By default, Gradle uses the same Java version for running Gradle itself and building JVM projects.

This is not always desirable. Building projects with different Java versions on different developer machines and CI servers may lead to unexpected issues. Additionally, you may want to build a project using a Java version that is not supported for running Gradle.

A Java Toolchain (from now on referred to simply as toolchain) is a set of tools, usually taken from a local JRE/JDK installation that are used to configure different aspects of a build. Compile tasks may use javac as their compiler, test and exec tasks may use the java command while javadoc will be used to generate documentation.

Consuming Toolchains

A build can globally define what toolchain it targets by stating the Java Language version it needs and optionally the vendor:

buildSrc/src/main/groovy/myproject.java-conventions.gradle
java {
    toolchain {
        languageVersion = JavaLanguageVersion.of(11)
    }
}
buildSrc/src/main/kotlin/myproject.java-conventions.gradle.kts
java {
    toolchain {
        languageVersion.set(JavaLanguageVersion.of(11))
    }
}

Executing the build (e.g. using gradle check) will now handle several things for you and others running your build

  1. Setup all compile, test and javadoc tasks to use the defined toolchain which may be different than the one Gradle itself uses

  2. Gradle detects locally installed JVMs

  3. Gradle chooses a JRE/JDK matching the requirements of the build (in this case a JVM supporting Java 11)

  4. If no matching JVM is found, it will automatically download a matching JDK from AdoptOpenJDK

Toolchain support is available in the Java plugins and for the tasks they define. For the Groovy plugin, compilation is supported but not yet Groovydoc generation. For the Scala plugin, compilation and Scaladoc generation are supported.

Using toolchains by specific vendors

In case your build has specific requirements from the used JRE/JDK, you may want to define the vendor for the toolchain as well. JvmVendorSpec has a list of well-known JVM vendors recognized by Gradle. The advantage is that Gradle can handle any inconsistencies across JDK versions in how exactly the JVM encodes the vendor information.

build.gradle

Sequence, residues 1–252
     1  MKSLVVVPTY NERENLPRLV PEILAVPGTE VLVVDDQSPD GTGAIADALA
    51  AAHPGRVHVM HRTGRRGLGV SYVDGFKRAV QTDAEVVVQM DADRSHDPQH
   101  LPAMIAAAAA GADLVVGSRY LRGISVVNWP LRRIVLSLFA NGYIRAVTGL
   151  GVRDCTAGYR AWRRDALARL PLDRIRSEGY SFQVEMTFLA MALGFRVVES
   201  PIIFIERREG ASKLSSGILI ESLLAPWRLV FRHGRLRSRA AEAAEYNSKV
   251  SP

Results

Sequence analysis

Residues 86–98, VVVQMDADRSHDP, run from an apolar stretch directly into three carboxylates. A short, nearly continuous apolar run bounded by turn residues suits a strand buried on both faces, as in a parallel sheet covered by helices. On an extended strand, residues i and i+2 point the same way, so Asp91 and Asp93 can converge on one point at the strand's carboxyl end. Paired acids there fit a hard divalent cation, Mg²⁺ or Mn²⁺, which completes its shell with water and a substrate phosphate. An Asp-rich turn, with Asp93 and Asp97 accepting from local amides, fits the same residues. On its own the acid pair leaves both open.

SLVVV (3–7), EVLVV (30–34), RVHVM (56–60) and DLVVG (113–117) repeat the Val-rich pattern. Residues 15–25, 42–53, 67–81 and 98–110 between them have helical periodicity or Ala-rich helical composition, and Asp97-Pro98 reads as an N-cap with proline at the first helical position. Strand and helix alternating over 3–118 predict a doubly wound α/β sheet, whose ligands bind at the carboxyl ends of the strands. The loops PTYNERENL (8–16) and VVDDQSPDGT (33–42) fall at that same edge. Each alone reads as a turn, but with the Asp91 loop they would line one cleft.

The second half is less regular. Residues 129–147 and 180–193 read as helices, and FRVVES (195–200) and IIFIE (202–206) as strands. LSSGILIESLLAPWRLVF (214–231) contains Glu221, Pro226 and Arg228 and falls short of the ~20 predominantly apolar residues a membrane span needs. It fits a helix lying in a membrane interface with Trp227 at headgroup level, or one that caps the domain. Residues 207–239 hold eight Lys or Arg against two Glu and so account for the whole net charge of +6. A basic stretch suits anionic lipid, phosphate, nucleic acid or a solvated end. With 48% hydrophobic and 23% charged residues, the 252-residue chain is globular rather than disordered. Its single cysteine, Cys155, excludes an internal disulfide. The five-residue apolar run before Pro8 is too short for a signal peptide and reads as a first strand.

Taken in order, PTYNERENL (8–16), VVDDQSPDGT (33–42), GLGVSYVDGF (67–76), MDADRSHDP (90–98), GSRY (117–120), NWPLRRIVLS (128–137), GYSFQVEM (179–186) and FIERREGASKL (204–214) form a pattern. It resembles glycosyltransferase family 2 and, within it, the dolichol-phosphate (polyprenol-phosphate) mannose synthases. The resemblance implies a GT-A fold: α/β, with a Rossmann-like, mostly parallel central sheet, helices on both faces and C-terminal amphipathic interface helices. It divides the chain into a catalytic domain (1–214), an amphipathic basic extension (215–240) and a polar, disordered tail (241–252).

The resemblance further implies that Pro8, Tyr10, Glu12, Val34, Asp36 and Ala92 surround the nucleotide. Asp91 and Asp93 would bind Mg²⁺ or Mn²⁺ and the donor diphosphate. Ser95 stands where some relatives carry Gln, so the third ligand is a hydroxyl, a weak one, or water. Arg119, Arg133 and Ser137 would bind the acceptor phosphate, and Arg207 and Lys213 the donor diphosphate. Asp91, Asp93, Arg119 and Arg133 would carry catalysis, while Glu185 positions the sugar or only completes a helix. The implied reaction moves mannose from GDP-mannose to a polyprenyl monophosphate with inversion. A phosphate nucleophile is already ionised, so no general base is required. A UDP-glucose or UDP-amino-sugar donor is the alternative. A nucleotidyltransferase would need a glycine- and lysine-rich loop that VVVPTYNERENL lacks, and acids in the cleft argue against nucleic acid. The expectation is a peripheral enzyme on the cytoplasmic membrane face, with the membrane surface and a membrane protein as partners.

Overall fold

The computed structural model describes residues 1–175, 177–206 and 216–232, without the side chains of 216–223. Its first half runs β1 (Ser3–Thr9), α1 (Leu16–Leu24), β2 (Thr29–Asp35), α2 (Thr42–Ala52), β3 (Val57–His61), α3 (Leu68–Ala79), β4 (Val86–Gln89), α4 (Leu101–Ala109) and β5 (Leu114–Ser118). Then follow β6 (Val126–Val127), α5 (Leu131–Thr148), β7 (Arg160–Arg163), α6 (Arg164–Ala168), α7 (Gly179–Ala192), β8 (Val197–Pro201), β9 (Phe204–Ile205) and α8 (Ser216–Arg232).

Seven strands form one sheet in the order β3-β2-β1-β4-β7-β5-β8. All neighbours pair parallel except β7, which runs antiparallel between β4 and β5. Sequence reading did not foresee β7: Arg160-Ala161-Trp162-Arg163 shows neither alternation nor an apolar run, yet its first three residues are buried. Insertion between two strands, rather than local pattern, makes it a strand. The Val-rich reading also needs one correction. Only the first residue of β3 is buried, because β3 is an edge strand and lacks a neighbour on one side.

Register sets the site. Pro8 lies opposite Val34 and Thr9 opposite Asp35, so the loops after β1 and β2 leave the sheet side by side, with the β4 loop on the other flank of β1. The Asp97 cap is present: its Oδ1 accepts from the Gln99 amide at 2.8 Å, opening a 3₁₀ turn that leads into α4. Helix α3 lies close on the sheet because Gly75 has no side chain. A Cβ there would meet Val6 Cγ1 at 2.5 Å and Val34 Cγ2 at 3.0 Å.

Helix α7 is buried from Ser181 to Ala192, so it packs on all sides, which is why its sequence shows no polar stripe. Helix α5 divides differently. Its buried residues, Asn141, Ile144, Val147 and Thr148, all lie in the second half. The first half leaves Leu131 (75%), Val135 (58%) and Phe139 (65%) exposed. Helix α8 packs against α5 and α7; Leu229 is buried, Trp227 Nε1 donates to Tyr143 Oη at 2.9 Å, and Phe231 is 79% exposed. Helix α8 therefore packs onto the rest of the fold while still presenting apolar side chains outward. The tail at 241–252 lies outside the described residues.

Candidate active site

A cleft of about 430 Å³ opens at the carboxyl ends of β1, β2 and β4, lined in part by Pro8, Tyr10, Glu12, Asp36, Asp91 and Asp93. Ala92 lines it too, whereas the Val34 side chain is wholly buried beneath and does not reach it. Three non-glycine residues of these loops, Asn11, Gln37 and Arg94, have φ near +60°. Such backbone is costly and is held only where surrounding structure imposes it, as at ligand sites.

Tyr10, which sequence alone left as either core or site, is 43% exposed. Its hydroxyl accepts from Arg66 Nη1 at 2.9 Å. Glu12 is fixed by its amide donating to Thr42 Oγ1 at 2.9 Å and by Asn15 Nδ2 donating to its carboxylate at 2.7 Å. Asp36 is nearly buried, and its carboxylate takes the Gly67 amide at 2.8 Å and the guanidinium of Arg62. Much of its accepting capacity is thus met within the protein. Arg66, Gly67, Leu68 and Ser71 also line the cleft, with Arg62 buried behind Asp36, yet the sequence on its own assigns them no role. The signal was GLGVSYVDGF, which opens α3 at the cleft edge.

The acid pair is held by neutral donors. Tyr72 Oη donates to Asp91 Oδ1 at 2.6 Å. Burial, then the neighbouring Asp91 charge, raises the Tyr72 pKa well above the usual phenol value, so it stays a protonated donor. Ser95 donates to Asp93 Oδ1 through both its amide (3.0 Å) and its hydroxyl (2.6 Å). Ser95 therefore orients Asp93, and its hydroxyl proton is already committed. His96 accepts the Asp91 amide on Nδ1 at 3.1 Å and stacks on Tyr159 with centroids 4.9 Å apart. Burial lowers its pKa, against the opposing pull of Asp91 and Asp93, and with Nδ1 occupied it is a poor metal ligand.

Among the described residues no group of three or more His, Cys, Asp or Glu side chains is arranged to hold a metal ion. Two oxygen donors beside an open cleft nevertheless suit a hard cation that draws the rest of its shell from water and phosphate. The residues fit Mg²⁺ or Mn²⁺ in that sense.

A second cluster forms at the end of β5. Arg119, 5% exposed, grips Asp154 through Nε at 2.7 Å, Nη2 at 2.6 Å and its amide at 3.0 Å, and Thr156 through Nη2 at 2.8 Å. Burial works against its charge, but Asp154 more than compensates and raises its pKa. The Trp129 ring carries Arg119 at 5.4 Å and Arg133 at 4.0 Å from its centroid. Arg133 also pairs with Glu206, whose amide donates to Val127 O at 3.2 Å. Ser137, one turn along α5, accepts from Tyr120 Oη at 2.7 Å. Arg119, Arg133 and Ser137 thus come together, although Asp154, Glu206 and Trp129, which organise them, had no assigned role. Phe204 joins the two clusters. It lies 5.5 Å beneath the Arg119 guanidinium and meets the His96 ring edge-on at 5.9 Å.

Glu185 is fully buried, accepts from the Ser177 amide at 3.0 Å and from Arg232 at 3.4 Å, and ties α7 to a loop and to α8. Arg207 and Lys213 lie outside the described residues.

java {
    toolchain {
        languageVersion = JavaLanguageVersion.of(11)
        vendor = JvmVendorSpec.ADOPTIUM
    }
}
build.gradle.kts
java {
    toolchain {
        languageVersion.set(JavaLanguageVersion.of(11))
        vendor.set(JvmVendorSpec.ADOPTIUM)
    }
}

If the vendor you want to target is not a known vendor, you can still restrict the toolchain to those matching the java.vendor system property of the available toolchains.

Given the snippet below, only toolchain are taken into accounts whose java.vendor property contains the given match string. Matching is done case-insensitive.

build.gradle
java {
    toolchain {
        languageVersion = JavaLanguageVersion.of(11)
        vendor = JvmVendorSpec.matching("customString")
    }
}
build.gradle.kts
java {
    toolchain {
        languageVersion.set(JavaLanguageVersion.of(11))
        vendor.set(JvmVendorSpec.matching("customString"))
    }
}

Selecting toolchains by their virtual machine implementation

If your project requires a specific implementation, you can filter based on the implementation as well. Currently available implementations to choose from are:

VENDOR_SPECIFIC

Acts as a placeholder and matches any implementation from any vendor (e.g. hotspot, zulu, …​)

J9

Matches only virtual machine implementations using the OpenJ9/IBM J9 runtime engine.

For example, to use an IBM Semeru JVM, distributed via AdoptOpenJDK, you can specify the filter as shown in the example below.

build.gradle
java {
    toolchain {
        languageVersion = JavaLanguageVersion.of(11)
        vendor = JvmVendorSpec.IBM_SEMERU
        implementation = JvmImplementation.J9
    }
}
build.gradle.kts
java {
    toolchain {
        languageVersion.set(JavaLanguageVersion.of(11))
        vendor.set(JvmVendorSpec.IBM_SEMERU)
        implementation.set(JvmImplementation.J9)
    }
}

The Java major version, the vendor (if specified) and implementation (if specified) will be tracked as an input for compilation and test execution.

Specify custom toolchains for individual tasks

In case you want to tweak which toolchain is used for a specific task, you can specify the exact tool a task is using. For example, the Test task exposes a JavaLauncher property that defines which java executable to use for launching the tests.

In the example below, we configure all java compilation tasks to use JDK8. Additionally, we introduce a new Test task that is going to run our unit tests but using a JDK 14.

list/build.gradle
tasks.withType(JavaCompile).configureEach {
    javaCompiler = javaToolchains.compilerFor {
        languageVersion = JavaLanguageVersion.of(8)
    }
}
task('testsOn14', type: Test) {
    javaLauncher = javaToolchains.launcherFor {
        languageVersion = JavaLanguageVersion.of(14)
    }
}
list/build.gradle.kts
tasks.withType<JavaCompile>().configureEach {
    javaCompiler.set(javaToolchains.compilerFor {
        languageVersion.set(JavaLanguageVersion.of(8))
    })
}

tasks.register<Test>("testsOn14") {
    javaLauncher.set(javaToolchains.launcherFor {
        languageVersion.set(JavaLanguageVersion.of(14))
    })
}

In addition, in the application subproject, we add another Java execution task to run our application with JDK 14.

application/build.gradle
task('runOn14', type: JavaExec) {
    javaLauncher = javaToolchains.launcherFor {
        languageVersion = JavaLanguageVersion.of(14)
    }

    classpath = sourceSets.main.runtimeClasspath
    mainClass = application.mainClass
}
application/build.gradle.kts
tasks.register<JavaExec>("runOn14") {
    javaLauncher.set(javaToolchains.launcherFor {
        languageVersion.set(JavaLanguageVersion.of(14))
    })

    classpath = sourceSets["main"].runtimeClasspath
    mainClass.set(application.mainClass)
}

Depending on the task, a JRE might be enough while for other tasks (e.g. compilation), a JDK is required. By default, Gradle prefers installed JDKs over JREs if they can satisfy the requirements.

Toolchains tool providers can be obtained from the javaToolchains extension.

Three tools are available:

  • A JavaCompiler which is the tool used by the JavaCompile task

  • A JavaLauncher which is the tool used by the JavaExec or Test tasks